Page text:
Sporting Schools

The Australian Government announced that the AASC program would cease at the end of 2014 and that a new program, Sporting Schools, would commence in 2015.

Sporting Schools is an evolution of the AASC program and forms an important part of the ASC’s participation strategy with a focus on children and young adults and improving the capacity of NSOs to develop and grow.

Further information on Sporting Schools is available on the website.

Play.Sport.Australia

Sporting Schools is a key component of the Australian Government participation game plan, Play.Sport.Australia. which sets out a big picture vision for boosting participation in sport in the years ahead.

Play.Sport.Australia. paints a compelling picture of how sport has changed in the last decade and plots the opportunities the Australian sports sector must embrace and maximise in the years ahead. It also provides a clear outline of where the ASC expects sports participation to be in the future, with the keys aims being:

  • more Australians, particularly young Australians, participating in sport more often
  • year-on-year membership and participation growth for all sports
  • strong sporting organisations that deliver the products and opportunities Australians want.

Where possible, direct links to full-text and online resources are provided. However, where links are not available, you may be able to access documents directly by searching our licenced full-text databases (note: user access restrictions apply). Alternatively, you can ask your institutional, university, or local library for assistance—or purchase documents directly from the publisher. You may also find the information you’re seeking by searching Google Scholar.

Articles

Reports

  • Celebrating 10 years of AASC (PDF  - 6.8 MB). Australian Sports Commission (2015). E-book about the ten years of the Active After-school Communities (AASC) Program (2004-2014).
  • Validation of Playing for Life philosophy for children aged five to 12 years (PDF  - 1.7 MB). Institute of Sport, Exercise and Active Living (ISEAL), Victoria University, (May 2013).
  • Active After-school Communities Program : Australian Sports Commission (PDF   - 4.9 MB). The Auditor-General audit report ; no.12, 2008-09. This document is an evaluation of the AASC program which is designed to engage traditionally non-active children in structured physical activities that focus on mobility skills and motor-skill development. The program also aims to build pathways within local community organisations in order to stimulate community involvement in delivering sport and physical activity programs.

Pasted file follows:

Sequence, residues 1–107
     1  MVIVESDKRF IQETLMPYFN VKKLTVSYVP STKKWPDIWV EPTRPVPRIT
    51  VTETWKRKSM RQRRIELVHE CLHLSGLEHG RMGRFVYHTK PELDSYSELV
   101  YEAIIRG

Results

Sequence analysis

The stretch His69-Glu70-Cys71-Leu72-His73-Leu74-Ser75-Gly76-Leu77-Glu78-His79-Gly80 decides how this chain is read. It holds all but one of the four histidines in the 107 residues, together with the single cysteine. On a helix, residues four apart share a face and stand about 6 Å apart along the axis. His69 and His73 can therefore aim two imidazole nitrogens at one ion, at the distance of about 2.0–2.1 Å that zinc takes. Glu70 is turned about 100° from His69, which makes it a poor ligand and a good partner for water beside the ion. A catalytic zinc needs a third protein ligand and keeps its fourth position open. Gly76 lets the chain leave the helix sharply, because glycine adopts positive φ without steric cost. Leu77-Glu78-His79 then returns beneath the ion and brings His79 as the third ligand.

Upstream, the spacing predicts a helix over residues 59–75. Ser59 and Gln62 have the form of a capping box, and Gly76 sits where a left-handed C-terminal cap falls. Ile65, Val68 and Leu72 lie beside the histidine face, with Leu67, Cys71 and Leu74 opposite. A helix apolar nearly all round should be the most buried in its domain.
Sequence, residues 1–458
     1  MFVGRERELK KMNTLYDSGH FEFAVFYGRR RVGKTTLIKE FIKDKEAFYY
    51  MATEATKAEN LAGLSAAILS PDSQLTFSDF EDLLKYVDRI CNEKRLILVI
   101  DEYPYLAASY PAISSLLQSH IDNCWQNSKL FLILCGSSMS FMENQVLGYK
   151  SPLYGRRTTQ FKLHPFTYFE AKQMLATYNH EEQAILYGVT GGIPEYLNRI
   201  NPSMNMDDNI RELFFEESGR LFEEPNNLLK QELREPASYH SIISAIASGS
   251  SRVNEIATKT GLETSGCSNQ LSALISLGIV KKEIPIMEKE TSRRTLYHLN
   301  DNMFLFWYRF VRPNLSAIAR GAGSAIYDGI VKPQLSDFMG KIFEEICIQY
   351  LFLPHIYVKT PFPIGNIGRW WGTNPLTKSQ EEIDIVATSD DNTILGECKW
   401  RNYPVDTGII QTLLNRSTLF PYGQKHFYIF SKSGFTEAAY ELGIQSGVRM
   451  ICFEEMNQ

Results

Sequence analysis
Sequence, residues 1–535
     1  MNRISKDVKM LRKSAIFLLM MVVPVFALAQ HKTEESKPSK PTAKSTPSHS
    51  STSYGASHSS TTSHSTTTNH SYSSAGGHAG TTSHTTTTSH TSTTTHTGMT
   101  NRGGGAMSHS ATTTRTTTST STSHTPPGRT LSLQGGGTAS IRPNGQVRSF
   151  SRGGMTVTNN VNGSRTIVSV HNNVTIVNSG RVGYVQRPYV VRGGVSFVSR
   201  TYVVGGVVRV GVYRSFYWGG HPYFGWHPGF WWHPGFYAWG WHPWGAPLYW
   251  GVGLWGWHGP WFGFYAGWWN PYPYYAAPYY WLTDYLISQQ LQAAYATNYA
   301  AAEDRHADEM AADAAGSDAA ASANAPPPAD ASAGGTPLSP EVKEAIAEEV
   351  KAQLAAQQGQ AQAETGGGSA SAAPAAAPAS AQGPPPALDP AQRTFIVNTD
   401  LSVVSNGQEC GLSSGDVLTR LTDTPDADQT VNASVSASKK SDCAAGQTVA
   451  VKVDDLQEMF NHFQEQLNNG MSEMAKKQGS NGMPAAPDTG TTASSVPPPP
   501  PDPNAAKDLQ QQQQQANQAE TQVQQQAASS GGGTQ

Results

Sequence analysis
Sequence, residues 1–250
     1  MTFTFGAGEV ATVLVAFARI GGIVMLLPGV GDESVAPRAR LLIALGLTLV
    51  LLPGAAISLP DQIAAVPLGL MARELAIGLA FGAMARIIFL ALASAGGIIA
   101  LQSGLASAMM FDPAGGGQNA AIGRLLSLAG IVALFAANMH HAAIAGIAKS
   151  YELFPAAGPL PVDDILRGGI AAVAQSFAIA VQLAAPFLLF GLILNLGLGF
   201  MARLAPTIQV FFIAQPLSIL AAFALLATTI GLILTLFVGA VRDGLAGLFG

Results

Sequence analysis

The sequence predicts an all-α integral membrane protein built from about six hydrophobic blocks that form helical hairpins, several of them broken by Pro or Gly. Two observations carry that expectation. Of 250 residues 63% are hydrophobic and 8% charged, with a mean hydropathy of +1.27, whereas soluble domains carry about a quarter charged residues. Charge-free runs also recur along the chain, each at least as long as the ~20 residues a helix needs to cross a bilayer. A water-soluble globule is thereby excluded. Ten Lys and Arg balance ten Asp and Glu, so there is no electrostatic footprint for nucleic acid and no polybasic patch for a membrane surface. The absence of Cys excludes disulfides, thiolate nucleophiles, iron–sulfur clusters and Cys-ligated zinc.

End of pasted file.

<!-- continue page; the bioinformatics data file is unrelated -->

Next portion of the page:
• School's out, get active learnings from the out of school hours sports program (PDF  - 2.2 MB). Victorian Health Promotion Foundation (2006). Evaluation of the Out of School Hours Sports Program Pilot implemented by Australian Sports Commission (ASC) and the Victorian Health Promotion Foundation (VicHealth). This program was the forerunner of the Active After School Communities (AASC) program, a major component of the Australian Government's Building a Healthy, Active Australia package aimed at tackling the growing problems of declining physical activity and poor eating habits of Australian children.

Books & Resource Kits

Videos

  • Turn to Sport and Play for Life. Sport Australia, YouTube
  • Playing for Life Activity Cards. Sport Australia, YouTube
  • Carol Byers - Recruiting Coaches. Netball Australia, YouTube
  • Engaging inactive children in sport. Judy Flanagan, Smart Talk Seminar Series, Australian Institute of Sport, Canberra (26 June 2006). Judy Flanagan's presentation reports on the preliminary findings of the Active After-school Communities Program. (Held by Clearinghouse for Sport, VE RC1235.62)
  • Active Kids, Active Communities. Wenda Donaldson and Cecilia Hemana, Smart Talk Seminar Series, Australian Institute of Sport, Canberra (28 November 2005). This presentation provides an overview of the impact and outcomes of the AASC program in its first 12 months. It also highlights some great examples of communities working together to get kids active, having fun and developing a passion for sport. (Held by Clearinghouse for Sport, VE RC1235.43)
  • Active After-School Communities : helping kids and communities get active. Australian Sports Commission, (2005). Promotional DVD highlights the aims of the AASC program and features brief comments from participating children. (Held by Clearinghouse for Sport, V GV3.13)

Websites